Digital – is the opposite of forever

I’m on a shoot, and during the day I run into some different cameramen also covering the event. We get to talking. One of them is a cameraman who has been working with Rueters for over a dozen years. We briefly discuss the cameras we are using, and then I ask him about archiving. It is a pretty interesting answer.

I did find it strange that in today’s day and age that they aren’t shooting in HD. He explains that for their application, no one is asking for HD yet, even though they are shooting with cameras capable of shooting in HD. I ask him why not shoot in HD, and finish in HD, and then just down convert? That way they will have everything they shot already in HD, when they switch over,  and it will be usable. His response was it wouldn’t matter the only media they archive is the finished edit.

Think about that. Not only are they not shooting in HD, which is easy enough to do, then edit in HD and archive your HD edit, they only archive the final edit. So there is the big picture – what is being lost.

There are thousands of (tens of, hundreds of, thousands of ?????) hours of history stored – Be it the raw footage from the newsreel days, or the gazillions of video tapes News divisions have shot over decades of tape based acquisition. These have been stored, and saved, and used for content in future years. Now however in the digital age, this is no longer the standard. There is just so much being shot, the storage requirements are staggering, and it isn’t ike film or tape, where if it properly stored, it will last decades or beyond. Hard drives fail, so you need to back up your footage onto 2, no now it is onto 3 different drives. Then every 3 to 5 years, you’ve got to clone those drives  You can see how the storage requirements are just insane.

This isn’t really a new problem. Storage of original material has always been an expense. Why store it? Why store original camera negative films, or original master video tapes – will we ever go back to them – well we might. A company may want to re-release a movie 10, 20, 50 years after it was originally released. A news organization may have a shot of someone, who becomes “newsworthy” 20 years after they were captured on tape? I don’t know if that justifies the expense, but that is just how things were done. Budgets were generated for this, technicians/librarians what have you, were hired to keep track of the material. It was archived. This is all gone now. Well, not all gone now, but on the way out.

Change because of “Digital” is not unique to our industry. By digital I mean a Non Physical media dependent storage system.

What????????????????????????????

I know, that seems to make no sense.

You can shoot images onto film – after processing you can see the image – the image is “fixed” on a physical media. You can shoot analog onto tape, and the electronic signals are “fixed” onto a physical media. You can even shoot Digital onto tape (yes, you can do it.) The signals/information is on a fixed media, that is not only the capture media, but the ARCHIVAL media as well. Yes you can copy Film originated material, make black and white separations, but there is a generational loss. You can do the same with Analog tape formats, and there is a generational loss. With Digital originals on Digital tape, the generational loss tends to be MUCH MUCH smaller. But we are moving more and more to tapeless acquisition, and the media is not meant to be Archived. It is meant to be used again and again.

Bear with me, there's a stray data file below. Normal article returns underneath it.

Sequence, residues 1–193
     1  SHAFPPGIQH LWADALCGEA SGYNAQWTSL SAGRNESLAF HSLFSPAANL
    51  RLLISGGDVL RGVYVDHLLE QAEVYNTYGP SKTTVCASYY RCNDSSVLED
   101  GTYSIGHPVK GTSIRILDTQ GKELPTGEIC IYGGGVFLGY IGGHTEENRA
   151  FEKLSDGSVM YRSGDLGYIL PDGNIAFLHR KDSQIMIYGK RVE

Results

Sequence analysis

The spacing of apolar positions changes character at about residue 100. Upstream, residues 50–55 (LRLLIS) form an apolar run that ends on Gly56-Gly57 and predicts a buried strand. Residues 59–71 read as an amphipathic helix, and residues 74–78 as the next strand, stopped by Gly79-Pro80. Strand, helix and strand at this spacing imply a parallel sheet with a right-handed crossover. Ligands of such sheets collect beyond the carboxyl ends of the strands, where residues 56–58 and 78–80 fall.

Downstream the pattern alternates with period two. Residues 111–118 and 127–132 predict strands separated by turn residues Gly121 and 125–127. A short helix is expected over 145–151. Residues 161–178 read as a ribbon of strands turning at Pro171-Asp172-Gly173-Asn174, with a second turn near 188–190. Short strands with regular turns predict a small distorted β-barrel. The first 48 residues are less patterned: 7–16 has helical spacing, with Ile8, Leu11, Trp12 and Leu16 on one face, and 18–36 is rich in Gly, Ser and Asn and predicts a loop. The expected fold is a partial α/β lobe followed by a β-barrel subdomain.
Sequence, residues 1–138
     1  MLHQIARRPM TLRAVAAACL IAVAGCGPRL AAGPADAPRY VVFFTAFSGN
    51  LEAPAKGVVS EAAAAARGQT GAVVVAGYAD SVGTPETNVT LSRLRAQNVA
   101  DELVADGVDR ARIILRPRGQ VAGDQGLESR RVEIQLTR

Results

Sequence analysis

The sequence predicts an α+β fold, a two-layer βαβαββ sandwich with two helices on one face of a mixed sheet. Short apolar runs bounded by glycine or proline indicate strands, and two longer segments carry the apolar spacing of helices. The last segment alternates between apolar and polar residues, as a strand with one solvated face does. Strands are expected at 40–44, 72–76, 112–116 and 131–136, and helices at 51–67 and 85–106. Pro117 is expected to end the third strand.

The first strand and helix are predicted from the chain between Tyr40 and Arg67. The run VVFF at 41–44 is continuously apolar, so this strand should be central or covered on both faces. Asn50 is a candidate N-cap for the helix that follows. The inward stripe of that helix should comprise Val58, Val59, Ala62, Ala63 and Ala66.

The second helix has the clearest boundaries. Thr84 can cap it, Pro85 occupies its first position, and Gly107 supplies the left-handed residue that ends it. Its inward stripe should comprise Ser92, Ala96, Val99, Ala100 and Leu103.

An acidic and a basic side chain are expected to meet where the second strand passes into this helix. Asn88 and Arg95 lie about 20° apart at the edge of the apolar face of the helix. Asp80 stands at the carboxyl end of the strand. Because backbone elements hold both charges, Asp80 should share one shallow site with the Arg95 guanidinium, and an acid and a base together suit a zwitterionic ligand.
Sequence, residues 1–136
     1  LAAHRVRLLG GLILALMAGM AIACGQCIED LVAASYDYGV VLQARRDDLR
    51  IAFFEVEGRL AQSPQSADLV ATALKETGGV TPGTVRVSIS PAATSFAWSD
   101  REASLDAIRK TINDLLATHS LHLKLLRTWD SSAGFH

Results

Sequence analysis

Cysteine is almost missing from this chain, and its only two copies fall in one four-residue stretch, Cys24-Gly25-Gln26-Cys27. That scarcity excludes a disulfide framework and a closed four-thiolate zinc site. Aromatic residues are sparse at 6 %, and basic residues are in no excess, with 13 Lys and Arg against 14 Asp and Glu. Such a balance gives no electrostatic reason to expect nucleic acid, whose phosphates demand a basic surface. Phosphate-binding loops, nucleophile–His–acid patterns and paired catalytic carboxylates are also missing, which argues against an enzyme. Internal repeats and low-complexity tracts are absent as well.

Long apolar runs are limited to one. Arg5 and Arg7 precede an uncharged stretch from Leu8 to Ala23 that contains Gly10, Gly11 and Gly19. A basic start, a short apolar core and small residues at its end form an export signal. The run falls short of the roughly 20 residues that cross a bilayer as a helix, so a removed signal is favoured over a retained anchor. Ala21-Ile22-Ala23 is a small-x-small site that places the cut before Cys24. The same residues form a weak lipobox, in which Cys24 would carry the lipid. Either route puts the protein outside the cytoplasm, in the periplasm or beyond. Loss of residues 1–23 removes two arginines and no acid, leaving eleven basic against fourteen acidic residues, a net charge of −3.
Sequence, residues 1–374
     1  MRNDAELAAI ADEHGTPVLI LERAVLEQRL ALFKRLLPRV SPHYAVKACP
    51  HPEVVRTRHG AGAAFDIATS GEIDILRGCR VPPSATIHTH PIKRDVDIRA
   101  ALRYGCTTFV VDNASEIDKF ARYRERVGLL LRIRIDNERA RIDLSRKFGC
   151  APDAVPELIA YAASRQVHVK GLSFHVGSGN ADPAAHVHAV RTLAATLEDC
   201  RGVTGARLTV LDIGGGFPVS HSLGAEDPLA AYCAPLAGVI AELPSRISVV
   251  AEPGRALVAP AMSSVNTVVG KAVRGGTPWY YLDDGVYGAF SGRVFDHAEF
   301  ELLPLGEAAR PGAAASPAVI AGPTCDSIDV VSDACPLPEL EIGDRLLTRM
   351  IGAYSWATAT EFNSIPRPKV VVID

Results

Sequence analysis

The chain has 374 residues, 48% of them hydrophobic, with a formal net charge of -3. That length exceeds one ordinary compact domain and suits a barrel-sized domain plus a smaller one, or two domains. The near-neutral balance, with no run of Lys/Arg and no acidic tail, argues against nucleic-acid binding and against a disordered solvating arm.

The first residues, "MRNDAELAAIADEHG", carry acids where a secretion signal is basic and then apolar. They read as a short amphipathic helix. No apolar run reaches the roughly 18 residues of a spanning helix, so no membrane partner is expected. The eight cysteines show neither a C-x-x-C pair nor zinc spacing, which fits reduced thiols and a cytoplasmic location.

Film and Tape based media (on a professional level) is really meant to be used ONLY once. Sometimes people re-use tape stock, but it is really designed to be used once to capture the images/information. Reusing can lead to problems – the recordings aren’t so clean, the tape may stretch (with film you just get superimposed images), so it is safest to use the medium one time and one time only. So when you are done with it, store it or throw it away.

Not so with the new “Digital” media – Hard drives and Cards are meant to be used over and over. Even though prices drop and soon digital media data cards may be affordable as one time use recording mediums, are they going to be archived? Are they designed to last 5 years or more? Hard drives, no. Flash memory? Who knows what happens. So we have this problem. All this history, that used to be kept and archived, almost as a by product of news gathering, is now being lost.

I’m not the first person to think about this. I’ve read discussions by others about this. 50 years from now the future will know more about the world from fifty years ago as opposed to what is going on right now. It’s odd isn’t it. The media isn’t durable, and although it has become so inexpensive to shoot, the cost of archiving relative to the cost of gathering is so high, that it just becomes unaffordable. So we can now shoot far more material, we can afford to shoot far more material, but what happens to it after we are done with it? As the cost of the acquisition media goes down, the cost of archiving the data, recovering the data, goes up (especially in relation to the cost of the media.) When the originating media is also the archiving media, the costs are manageable. When you have to create additional elements, copies on new media containers, and migrate these every few years as the equipment and standards change, this ends up making it impossible to store it all.  So what is the final cost, how much do we lose because of the “cheapness” of the media?

Thanks for reading.

 

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One Response to Digital – is the opposite of forever

  1. Michelle Shyman May 1, 2011 at 4:16 pm #

    Also, the perceived value of stored images is less, simply because there is SO MUCH amateur media generated: less respect for news footage.

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